How long is the fourth trimester and what can I expect from it?
The fourth trimester is not really a new term, but it is one that is slowly becoming trendy. It is something that needs some extra light shed on it, so I’ll gladly accept this trend! Let’s take a look at how long the fourth trimester is.
As a mother-baby nurse for over 15 years, you would think the term “fourth trimester” would have come up often. It did not. Postpartum was the more common language.
You have probably heard the term “postpartum” before. It literally means “after birth.” For many years, much emphasis was placed on the postpartum period. It was viewed as the first six weeks after birth. What I came to learn after my first baby, and what many in the medical community are taking note of, is that the changes happening in a woman’s life and body extends well beyond 6 weeks.
The fourth trimester was a term first coined in 2002 by the pediatrician, Dr. Harvey Karp. He believes that the first three months after giving birth are a time where baby and mom are separate but still one. It’s a continuation of life inside the womb, but on the outside. What is the fourth trimester and why does it matter?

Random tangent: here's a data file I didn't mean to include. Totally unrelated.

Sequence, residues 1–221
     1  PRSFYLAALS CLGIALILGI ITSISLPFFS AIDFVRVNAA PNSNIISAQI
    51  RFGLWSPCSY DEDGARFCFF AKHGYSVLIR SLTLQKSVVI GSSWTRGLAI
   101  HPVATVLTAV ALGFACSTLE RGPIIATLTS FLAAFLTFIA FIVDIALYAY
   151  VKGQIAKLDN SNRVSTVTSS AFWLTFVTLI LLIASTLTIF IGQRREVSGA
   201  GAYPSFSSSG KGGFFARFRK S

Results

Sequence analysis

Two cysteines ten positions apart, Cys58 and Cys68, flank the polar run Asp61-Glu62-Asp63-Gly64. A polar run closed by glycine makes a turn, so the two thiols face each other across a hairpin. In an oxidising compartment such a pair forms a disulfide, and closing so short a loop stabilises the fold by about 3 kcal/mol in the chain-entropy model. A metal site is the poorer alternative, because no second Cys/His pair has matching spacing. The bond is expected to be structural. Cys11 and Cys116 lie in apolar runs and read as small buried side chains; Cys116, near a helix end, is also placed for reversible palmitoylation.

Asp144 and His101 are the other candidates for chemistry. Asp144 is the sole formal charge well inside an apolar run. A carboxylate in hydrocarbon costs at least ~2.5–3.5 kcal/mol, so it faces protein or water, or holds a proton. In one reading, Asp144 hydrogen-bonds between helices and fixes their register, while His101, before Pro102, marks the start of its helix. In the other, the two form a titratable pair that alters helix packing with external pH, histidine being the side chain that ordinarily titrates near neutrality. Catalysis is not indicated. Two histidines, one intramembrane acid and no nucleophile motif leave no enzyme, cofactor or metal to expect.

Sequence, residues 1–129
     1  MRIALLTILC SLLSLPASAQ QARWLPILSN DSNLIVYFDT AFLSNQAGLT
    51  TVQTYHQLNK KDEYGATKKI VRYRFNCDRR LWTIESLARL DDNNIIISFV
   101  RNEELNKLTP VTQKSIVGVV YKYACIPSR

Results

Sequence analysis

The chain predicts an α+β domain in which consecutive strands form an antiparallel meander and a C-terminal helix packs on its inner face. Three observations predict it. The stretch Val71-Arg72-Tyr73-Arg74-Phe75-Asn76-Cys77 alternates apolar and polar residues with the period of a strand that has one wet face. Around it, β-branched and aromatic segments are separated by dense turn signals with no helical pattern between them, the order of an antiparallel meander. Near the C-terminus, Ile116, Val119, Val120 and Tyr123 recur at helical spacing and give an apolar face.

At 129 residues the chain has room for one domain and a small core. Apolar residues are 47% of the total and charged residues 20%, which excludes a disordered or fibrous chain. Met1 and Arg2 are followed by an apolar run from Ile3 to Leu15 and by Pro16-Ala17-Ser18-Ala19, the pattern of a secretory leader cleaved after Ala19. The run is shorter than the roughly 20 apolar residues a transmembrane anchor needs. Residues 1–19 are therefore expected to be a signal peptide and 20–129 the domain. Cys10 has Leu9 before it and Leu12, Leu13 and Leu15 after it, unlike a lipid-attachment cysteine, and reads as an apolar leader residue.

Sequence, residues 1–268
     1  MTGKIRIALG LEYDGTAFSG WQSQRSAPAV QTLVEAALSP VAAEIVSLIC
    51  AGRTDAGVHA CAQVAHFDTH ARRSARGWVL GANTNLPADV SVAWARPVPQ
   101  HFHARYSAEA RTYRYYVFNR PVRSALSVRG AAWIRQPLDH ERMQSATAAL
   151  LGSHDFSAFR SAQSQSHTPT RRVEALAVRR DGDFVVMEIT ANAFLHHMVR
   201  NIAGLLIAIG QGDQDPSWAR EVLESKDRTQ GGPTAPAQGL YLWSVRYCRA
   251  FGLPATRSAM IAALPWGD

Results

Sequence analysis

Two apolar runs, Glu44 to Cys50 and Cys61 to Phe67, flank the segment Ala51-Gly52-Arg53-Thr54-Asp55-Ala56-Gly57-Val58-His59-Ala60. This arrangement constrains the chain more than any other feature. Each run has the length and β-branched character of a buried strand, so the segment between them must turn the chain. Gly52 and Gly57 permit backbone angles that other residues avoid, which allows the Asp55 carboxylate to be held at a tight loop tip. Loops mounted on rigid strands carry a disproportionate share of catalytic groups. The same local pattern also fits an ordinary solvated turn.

This is one of the reasons that comfort measures such as swaddling and “shshing” your baby works so well. It mimics life inside of the womb. It’s also one of the reasons that baby’s love doing skin-to-skin with their mothers. Not only is it warm, but they recognize their mother’s smell and her heartbeat they have become so accustomed to. It feels like home to a newborn! Dad’s are great at skin-to-skin too!
How long does the fourth trimester last?
According to Dr. Karp, the fourth trimester lasts for three months (or 12 weeks).
It is a huge time of transition in the mom’s life and in her baby’s life. When we give birth, our hormones and brains are literally making vast changes to adapt to this new “mom life.” When we struggle emotionally, it isn’t because we are weak or a bad mom, it means we are having trouble adjusting to the amount of change taking place within our bodies. There is much science happening behind the curtain of the fourth trimester.
It is normal for women to need extra support during this time. Our hormones will not begin to stabilize for at least six months. Some research suggests it can take two years or even longer. Yikes! This may be one of the reasons we are especially vulnerable during this time to depression and other mental health disorders.
Many women attest to the fact that around 12 weeks they begin to feel “adjusted” to life with a baby. Sleep schedules are usually more on track, routines are established, and their body has healed from childbirth.
Though it is still in the works, culture is shifting to accept the fact that women are not “back to normal” at 6 weeks postpartum. Much research and medical practice are beginning to back what we mothers have known for a long time, we need better support throughout our fourth trimester. Cheers, to change for the better!